|Home | About | Journals | Submit | Contact Us | Français|
Arachidonic acid, a dietary cis-polyunsaturated fatty acid, stimulates adhesion and migration of human cancer cells on the extracellular matrix by activation of intracellular signaling pathways. Polyubiquitin chains bearing linkages through different lysine residues convey distinct structural and functional information that is important for signal transduction. We investigated whether ubiquitination was required for arachidonic acid-induced cellular adhesion and migration of MDA-MB-435 cells on collagen type IV. An E1 (ubiquitin-activating enzyme) inhibitor, PYR-431, completely abrogated arachidonic acid-stimulated adhesion. Additionally, expression of a lysine null mutant ubiquitin prevented activation of cellular adhesion. Cells expressing ubiquitin in which lysine 63 (K63) was mutated to arginine (K63R) were unable to adhere to collagen upon exposure to arachidonic acid. When K63 was the only lysine present, the cells retained the ability to adhere, indicating that K63-linked ubiquitin is both necessary and sufficient. Moreover, K63-linked ubiquitin was required for the induction of cell migration by arachidonic acid. The ubiquitin mutants and PYR-431 did not prevent arachidonic acid-induced phosphorylation of TGF-β activated kinase-1 (TAK1) and p38 MAPK, suggesting K63-linked ubiquitination occurs downstream of MAPK. These novel findings are the first to demonstrate a role for K63-linked ubiquitination in promoting cell adhesion and migration.
Cellular adhesion and migration are important steps in many biological processes. One such process is cancer metastasis, in which altered cell–cell adhesion and adhesion to extracellular matrix components, such as collagen type IV, allow tumor cells to migrate away from the primary tumor and invade a secondary site (Mack and Marshall 2010). These adhesive events require coordinated signal transduction pathways and can be influenced by factors in the microenvironment of both the primary tumor and the metastatic site (Mack and Marshall 2010; Yilmaz and Christofori 2010).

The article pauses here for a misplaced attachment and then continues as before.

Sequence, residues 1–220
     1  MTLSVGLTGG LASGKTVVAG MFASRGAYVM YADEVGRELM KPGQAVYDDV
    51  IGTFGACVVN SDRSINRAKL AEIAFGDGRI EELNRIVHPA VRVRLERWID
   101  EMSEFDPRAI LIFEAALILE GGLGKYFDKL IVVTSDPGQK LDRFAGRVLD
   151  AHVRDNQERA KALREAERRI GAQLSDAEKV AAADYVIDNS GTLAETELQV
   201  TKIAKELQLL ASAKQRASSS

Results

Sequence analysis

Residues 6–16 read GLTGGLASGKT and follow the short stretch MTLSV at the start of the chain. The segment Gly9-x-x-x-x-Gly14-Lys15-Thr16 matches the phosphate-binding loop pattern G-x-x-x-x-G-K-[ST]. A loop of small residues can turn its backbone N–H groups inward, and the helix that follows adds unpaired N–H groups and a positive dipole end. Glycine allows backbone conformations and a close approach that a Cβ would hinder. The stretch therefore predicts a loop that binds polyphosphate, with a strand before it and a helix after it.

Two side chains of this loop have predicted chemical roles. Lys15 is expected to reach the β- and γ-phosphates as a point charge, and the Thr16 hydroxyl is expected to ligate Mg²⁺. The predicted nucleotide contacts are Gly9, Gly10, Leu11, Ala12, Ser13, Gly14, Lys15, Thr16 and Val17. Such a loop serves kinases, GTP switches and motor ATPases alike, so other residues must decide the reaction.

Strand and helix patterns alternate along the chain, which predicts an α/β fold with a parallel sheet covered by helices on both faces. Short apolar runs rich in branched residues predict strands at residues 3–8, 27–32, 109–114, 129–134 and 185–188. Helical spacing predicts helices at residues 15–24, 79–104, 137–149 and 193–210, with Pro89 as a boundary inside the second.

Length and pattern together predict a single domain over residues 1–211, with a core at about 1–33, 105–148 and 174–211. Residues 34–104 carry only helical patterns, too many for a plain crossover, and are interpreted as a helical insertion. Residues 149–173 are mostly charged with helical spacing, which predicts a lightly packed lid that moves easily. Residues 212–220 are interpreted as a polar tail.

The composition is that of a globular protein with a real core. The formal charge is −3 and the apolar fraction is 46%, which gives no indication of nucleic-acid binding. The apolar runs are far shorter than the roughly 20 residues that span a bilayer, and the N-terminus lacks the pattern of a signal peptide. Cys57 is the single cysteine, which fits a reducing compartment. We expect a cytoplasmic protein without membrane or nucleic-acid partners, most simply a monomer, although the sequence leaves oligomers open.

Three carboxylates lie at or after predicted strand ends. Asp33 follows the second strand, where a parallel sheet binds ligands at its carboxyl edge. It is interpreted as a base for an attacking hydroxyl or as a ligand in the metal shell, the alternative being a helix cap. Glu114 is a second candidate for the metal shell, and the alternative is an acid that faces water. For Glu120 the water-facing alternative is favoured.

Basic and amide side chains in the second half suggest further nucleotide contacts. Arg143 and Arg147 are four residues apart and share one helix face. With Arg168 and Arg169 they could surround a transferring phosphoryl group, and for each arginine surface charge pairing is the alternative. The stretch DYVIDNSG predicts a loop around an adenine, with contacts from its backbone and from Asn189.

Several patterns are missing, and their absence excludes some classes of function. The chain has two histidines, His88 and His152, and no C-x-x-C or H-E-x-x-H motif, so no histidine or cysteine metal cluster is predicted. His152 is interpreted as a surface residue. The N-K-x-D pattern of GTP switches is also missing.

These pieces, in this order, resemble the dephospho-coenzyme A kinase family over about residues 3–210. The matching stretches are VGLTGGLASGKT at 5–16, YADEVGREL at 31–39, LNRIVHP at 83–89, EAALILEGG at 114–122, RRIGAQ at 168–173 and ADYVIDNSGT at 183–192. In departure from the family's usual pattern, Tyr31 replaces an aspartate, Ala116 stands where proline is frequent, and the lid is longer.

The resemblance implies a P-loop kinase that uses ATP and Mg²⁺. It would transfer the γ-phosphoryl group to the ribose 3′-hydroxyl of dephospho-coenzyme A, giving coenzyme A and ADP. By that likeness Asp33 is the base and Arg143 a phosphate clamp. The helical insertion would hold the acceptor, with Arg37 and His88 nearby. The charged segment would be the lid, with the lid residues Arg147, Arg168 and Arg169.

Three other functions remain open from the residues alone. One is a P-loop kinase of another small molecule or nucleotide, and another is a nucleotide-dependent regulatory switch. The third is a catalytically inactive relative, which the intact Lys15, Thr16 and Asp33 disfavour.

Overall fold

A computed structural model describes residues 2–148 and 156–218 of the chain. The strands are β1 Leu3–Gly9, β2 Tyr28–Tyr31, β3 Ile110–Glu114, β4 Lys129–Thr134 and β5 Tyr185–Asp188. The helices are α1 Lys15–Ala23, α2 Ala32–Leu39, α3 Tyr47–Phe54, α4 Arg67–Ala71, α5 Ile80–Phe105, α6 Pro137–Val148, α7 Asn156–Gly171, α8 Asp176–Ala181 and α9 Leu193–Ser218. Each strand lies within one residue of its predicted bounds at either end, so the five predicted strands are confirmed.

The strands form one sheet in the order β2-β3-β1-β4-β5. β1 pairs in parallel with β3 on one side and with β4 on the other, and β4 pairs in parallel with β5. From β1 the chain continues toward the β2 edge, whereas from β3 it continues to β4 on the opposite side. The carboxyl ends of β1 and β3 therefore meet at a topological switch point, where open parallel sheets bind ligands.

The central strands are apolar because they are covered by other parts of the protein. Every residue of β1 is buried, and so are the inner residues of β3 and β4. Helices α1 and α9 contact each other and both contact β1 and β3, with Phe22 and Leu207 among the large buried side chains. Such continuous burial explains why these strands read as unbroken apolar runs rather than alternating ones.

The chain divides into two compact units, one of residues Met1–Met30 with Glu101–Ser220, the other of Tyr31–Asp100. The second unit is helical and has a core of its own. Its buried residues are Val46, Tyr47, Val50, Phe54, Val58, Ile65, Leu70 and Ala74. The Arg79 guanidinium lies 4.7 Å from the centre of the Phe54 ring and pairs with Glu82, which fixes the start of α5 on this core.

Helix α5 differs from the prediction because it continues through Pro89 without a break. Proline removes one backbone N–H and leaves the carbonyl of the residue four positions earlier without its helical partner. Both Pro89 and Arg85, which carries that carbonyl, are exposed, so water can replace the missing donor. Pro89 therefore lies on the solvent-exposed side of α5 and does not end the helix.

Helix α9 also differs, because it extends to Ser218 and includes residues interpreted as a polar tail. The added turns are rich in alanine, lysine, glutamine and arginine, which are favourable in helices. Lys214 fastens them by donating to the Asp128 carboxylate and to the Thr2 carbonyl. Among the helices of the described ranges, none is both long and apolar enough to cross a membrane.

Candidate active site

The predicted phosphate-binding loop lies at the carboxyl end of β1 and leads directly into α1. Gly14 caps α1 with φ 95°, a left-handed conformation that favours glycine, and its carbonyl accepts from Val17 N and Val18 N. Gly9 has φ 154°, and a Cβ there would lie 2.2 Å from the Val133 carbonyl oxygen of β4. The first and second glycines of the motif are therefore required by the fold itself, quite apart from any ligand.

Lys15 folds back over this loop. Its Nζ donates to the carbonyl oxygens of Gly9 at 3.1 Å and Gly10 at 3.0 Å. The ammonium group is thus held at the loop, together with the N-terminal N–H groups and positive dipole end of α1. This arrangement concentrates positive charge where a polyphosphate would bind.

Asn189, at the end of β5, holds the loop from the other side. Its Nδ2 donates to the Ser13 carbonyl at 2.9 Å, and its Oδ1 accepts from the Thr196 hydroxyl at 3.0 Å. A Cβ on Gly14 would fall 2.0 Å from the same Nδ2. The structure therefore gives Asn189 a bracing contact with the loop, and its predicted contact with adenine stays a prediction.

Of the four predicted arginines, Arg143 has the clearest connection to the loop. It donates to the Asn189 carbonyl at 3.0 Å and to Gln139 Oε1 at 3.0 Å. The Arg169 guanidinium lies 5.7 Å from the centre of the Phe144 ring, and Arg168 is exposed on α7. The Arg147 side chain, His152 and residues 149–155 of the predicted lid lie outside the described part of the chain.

The n-6 cis-polyunsaturated fatty acid arachidonic acid and its precursor linoleic acid are common dietary fatty acids that, furthermore, may be components of the tumor microenvironment. Arachidonic acid is also incorporated into the cellular membrane in an esterified form and is released by the action of phospholipases, particularly during inflammatory responses (Khanapure et al. 2007). Further metabolism of arachidonic acid by cyclooxygenases and lipoxygenases is a highly regulated process that generates eicosanoids, small bioactive lipids that are involved in a wide range of biological processes and signaling pathways (Khanapure et al. 2007). In animal models, there is substantial evidence linking high fat intake to an increase in tumor cell metastasis (Erickson and Hubbard 1990; Rose et al. 1994; Rose and Connolly 1997). Our laboratory and others have shown that fatty acids and their metabolites can alter adhesion of cancer cells to the extracellular matrix (Jiang et al. 1995; Johanning and Lin 1995; Palmantier et al. 1996). In our previous work, we utilized a highly metastatic human cancer cell line, MDA-MB-435, and demonstrated that arachidonic acid induced cellular adhesion to collagen type IV in an integrin-dependent manner requiring the activation of multiple signal transduction proteins, including a p38 MAPK/RhoA pathway (Palmantier et al. 1996, 2001; Paine et al. 2000; Nony et al. 2005; Garcia et al. 2009).